What is Girls State?

The American Legion Auxiliary developed a citizenship training program based on the formation of the American Legion’s Boys State program. This program offers training in the positive processes of self-government and good citizenship as practiced in democratic societies.

Girls State began as one and two day sessions in the late 1930’s. In 1939 Girls State was altered to make it a week-long government education program. Since 1948 it has been a regular part of the Auxiliary’s Americanism curriculum.

The program is funded by the American Legion Auxiliary with some additional support coming from other civic and non-profit organizations. Little or no expense is required of the delegates and her family.

Each summer approximately 25,000 young women participate in Girls State sessions across the nation. At Girls State, the delegates study local, county, and state government. The girls do this by setting up their own miniature city, county, and state governments and administer them according to the rules and procedures set by Nebraska’s laws.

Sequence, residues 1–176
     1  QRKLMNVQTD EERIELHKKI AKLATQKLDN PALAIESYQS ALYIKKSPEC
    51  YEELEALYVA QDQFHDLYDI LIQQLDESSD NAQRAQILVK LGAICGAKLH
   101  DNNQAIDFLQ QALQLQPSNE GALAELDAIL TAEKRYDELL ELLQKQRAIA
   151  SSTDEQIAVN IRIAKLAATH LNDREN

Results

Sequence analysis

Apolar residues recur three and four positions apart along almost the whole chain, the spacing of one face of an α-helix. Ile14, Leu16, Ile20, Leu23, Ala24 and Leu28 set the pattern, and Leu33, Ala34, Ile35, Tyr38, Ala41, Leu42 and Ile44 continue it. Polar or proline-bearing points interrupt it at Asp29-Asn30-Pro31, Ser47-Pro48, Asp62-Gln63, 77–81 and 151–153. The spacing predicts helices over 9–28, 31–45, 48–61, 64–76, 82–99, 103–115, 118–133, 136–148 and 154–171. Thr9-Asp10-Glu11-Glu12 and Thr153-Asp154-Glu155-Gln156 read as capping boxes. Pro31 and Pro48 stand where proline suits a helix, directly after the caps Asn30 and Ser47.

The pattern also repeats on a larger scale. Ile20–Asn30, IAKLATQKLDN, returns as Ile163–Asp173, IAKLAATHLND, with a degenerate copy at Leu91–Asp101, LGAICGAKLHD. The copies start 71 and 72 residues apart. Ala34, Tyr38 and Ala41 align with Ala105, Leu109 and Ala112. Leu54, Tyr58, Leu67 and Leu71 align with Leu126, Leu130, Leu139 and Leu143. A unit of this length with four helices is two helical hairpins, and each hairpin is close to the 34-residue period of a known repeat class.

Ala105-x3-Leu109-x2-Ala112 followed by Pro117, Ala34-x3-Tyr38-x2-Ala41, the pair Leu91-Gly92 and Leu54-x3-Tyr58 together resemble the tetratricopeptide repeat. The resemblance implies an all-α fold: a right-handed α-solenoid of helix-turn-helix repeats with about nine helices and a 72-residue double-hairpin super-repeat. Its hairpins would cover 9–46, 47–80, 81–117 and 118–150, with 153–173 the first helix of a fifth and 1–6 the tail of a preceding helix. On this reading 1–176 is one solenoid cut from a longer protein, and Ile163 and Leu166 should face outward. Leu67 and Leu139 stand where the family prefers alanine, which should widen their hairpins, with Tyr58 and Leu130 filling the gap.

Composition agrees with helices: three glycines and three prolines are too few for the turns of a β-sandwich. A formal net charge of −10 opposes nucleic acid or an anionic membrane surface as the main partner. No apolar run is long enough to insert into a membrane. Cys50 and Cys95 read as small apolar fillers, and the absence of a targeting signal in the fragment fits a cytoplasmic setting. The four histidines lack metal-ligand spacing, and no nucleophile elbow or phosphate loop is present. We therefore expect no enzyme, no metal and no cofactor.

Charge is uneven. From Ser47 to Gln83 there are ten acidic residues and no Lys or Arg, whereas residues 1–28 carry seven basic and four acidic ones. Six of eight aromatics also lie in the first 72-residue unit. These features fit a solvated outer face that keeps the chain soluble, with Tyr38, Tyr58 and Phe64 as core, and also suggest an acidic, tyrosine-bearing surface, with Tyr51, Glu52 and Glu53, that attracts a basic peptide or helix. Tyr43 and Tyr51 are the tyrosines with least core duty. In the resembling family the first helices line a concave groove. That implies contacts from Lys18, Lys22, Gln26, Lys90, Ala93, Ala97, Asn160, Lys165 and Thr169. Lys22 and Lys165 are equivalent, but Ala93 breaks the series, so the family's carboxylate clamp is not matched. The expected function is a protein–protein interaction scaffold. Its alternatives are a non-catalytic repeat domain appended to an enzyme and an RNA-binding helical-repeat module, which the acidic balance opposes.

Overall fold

After arriving at Cornhusker Girls State, the citizens are divided into 8 towns named after the Presidents of the United States. The citizens are also divided into two political parties — the Federalists and the Nationalists. These parties do not reflect the two major political parties in today’s system of government. The parties allow citizens to gain knowledge of how a two-party system operates.

Girls State citizens participate in these mock political parties and elections are held to fill city, county, and state positions. Other activities include legislative sessions, campaigning, party rallies, mock trials, and debating. The citizens also receive instruction in Parliamentary Procedure.